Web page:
Philip Green yesterday moved to get his proposed £8.4bn bid for Marks & Spencer back on track, appealing directly to the retailer's pensions trustees for due diligence information that could result in an improved offer for the company.
Mr Green is trying to bring the M&S saga back to the central issue of his takeover attempt. The past week has been dominated by the Financial Services Authority's probe into M&S share trades and the bitter personal row between Goldman Sachs, Mr Green's adviser, and Stuart Rose, the new chief executive of M&S.
Mr Green, frustrated by the M&S board, has written directly to David Norgrove, the chairman of the M&S pension trustees, to request a meeting.
Mr Green wants details of the fund's deficit and funding requirements. In turn he can provide information to them about his own financing and the impact it may have on actuarial valuations of the M&S pension fund.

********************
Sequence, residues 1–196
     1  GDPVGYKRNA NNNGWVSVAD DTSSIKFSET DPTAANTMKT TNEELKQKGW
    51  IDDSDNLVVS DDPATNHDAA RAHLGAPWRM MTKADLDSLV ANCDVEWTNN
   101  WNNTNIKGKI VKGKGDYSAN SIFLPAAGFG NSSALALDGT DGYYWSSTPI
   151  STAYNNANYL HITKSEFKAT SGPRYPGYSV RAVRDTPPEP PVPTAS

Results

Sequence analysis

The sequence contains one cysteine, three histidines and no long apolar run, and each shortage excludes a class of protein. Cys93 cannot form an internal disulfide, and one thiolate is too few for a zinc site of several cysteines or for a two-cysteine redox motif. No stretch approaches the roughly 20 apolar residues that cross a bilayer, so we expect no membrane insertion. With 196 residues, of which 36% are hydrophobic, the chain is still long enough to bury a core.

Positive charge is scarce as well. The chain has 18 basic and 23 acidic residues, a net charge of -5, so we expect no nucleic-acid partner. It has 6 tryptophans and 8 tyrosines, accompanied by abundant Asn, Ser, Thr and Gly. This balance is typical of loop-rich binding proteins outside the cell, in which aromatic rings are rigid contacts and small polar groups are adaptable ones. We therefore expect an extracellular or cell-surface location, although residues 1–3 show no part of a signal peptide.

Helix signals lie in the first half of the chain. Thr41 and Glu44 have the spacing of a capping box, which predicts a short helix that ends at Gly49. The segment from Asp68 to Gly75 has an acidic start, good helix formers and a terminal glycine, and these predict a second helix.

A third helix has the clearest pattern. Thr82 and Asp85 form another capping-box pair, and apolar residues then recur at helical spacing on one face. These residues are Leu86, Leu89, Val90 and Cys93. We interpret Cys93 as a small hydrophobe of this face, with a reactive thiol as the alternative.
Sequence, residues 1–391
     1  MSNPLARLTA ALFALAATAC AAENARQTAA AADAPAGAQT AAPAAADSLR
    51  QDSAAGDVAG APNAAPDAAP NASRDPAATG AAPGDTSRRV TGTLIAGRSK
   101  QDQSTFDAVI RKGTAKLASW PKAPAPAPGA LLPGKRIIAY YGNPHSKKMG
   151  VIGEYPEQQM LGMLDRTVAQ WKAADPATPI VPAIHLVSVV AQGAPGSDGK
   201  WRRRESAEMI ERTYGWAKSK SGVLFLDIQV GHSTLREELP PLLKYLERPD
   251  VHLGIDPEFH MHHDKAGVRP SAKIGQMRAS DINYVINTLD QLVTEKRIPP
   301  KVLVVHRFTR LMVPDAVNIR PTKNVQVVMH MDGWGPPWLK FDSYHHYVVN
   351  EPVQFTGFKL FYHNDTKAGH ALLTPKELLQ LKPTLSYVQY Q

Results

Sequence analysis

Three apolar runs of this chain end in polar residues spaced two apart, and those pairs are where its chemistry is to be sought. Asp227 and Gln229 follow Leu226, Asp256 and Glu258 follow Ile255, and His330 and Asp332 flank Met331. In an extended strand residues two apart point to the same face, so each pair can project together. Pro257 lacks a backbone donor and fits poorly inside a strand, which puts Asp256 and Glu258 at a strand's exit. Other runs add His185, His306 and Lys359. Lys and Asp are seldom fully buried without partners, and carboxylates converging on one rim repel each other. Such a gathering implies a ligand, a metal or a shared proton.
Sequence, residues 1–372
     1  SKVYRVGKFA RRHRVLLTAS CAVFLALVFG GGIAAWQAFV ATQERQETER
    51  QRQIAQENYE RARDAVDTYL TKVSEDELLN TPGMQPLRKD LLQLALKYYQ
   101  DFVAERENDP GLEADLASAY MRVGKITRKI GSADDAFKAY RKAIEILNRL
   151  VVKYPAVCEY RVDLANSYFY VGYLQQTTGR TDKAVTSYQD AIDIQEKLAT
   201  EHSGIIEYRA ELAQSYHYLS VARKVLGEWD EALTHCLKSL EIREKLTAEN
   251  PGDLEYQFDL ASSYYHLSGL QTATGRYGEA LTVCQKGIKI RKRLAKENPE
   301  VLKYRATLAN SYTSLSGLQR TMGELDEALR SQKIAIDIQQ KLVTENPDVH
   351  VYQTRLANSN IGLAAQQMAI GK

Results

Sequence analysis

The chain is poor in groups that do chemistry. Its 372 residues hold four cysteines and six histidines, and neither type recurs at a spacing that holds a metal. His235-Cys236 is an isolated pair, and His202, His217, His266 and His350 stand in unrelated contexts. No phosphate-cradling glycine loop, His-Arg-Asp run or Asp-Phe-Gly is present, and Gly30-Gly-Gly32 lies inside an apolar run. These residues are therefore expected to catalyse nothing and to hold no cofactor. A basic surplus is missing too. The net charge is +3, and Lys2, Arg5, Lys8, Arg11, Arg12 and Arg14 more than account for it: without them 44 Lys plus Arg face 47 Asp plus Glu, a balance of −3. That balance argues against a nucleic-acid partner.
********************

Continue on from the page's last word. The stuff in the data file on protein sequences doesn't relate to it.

The trustees will meet early next week to discuss Mr Green's request.
Writing directly to Mr Norgrove suggests Mr Green is now moving to more aggressive tactics in his bid approach. He has previously asked M&S to answer certain questions on short-term trading, the pension fund and supplier contracts, so he can shape his bid in more detail.
The M&S board has refused to answer his questions and has rejected two bid proposals claiming his enquiries are too commercially sensitive to answer.
However, Mr Green claims the questions are not commercially sensitive. His advisers want M&S to adopt the same approach as that of board of WH Smith, which received an unsolicited bid from Permira, the private equity fund, but allowed it access to information to carry out due diligence.
A spokesman for Mr Green said that M&S shareholders should be allowed to decide whether a bid from Mr Green is worth accepting.
In a separate development, Roger Holmes, the former chief executive of M&S, has hired a public relations firm to represent him in the run-up to the retailer's strategy presentation on 12 July.Reuse content